I learned a lot during this activity. The moral of the story is that Riley is growing up and her play is changing! I thought I had great ideas for enhancements to this activity. I quickly found out they were not great. Ha-ha. It’s all a part of the play experience though. Watching and learning from your child’s cues. For more on what didn’t work out, read Riley’s experience.
- Finger paint (We like to use Crayola)
- Salt (just about a teaspoon per paint)
- Paint brush, stir stick, spoon (something to mix the paint and the salt)
- Containers to put the paint in or a paper plate
- Waterproof mat or plastic table cloth
- Painters’ tape to tape the plastic table cloth down
- Paint brushes, sponges, toys, utensils to play with in the paint
- Set up the paint area. Lay down your mat or plastic table cloth. Tape down the plastic table cloth if you child is likely to pull it up during.
- Prepare the paint. Pour each color of paint in its own container. Mix the salt into each container of paint. The paint will become thicker and maybe even chunky.
- Lay the cardstock, paint, and tools on the mat.
- Let your little one explore!
Note: This paint is thicker and doesn’t spread like typical paint does. When it dries, the paint should have a gritty, sandy texture. Be sure to let your little one explore their masterpiece after it is dry too!
It is amazing how quickly your child grows and changes. Last time we finger painted was at the end of March. I had given her paint in small Pyrex containers which worked out really well; much better than the paper plate did the time before. She was able to handle the jars, but didn’t flip them over, throw them, or drop them. She remained seated the whole time and she happily painted everything-mostly herself.
So, again I used the small Pyrex containers because they worked well last time. Well, I’ve learned Riley is stronger now. She also loves to try out walking and standing any chance she gets. She decided to stand, pick up the glass Pyrex containers, and then proceeded to drop/throw them to the ground! Yeah... I quickly decided no more paint containers. I also thought it might be fun for her to use a spork to paint with. That was a definite no-no as she tried to eat the paint then. We quickly lost the sporks as well. She was left with gobs of paint on her papers, and sponges. She enjoyed crawling, standing, walking on her painted picture, picking up globs of paint, moving the gobs on and off the picture, and then trying to pick up the paper she was standing on-effectively ripping it. It was quite an adventure.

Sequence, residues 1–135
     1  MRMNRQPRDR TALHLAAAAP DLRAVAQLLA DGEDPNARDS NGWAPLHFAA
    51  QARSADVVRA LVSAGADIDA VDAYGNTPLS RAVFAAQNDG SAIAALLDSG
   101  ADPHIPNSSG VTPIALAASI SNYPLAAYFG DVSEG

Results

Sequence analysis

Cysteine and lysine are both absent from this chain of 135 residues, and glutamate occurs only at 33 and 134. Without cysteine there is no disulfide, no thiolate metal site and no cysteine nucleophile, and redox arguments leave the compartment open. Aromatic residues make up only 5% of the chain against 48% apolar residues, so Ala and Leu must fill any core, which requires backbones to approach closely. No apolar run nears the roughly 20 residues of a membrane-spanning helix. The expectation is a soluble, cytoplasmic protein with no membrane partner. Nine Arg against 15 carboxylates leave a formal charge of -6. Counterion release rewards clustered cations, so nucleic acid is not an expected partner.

- Fine motor skills: Your child is exercising their hand and finger muscles as they grab, hold, and manipulate the paint and various objects.
- Gross motor skills: If your child is like Riley, they are working on balance, coordination, and exercising their large muscle groups as they walk, crawl, squat, stand, and throw during this activity
- Cognitive development: Painting is a sensory experience. The salt adds a different tactile experience to finger painting. When multiple senses are engaged at the same time during play, stronger neural connections and pathways are formed.
- Language development: Expose your child to contextual vocabulary as you talk about the experience. They may hear words such as “chunky”, “thicker”, different color words, “paint”, “gritty”, etc.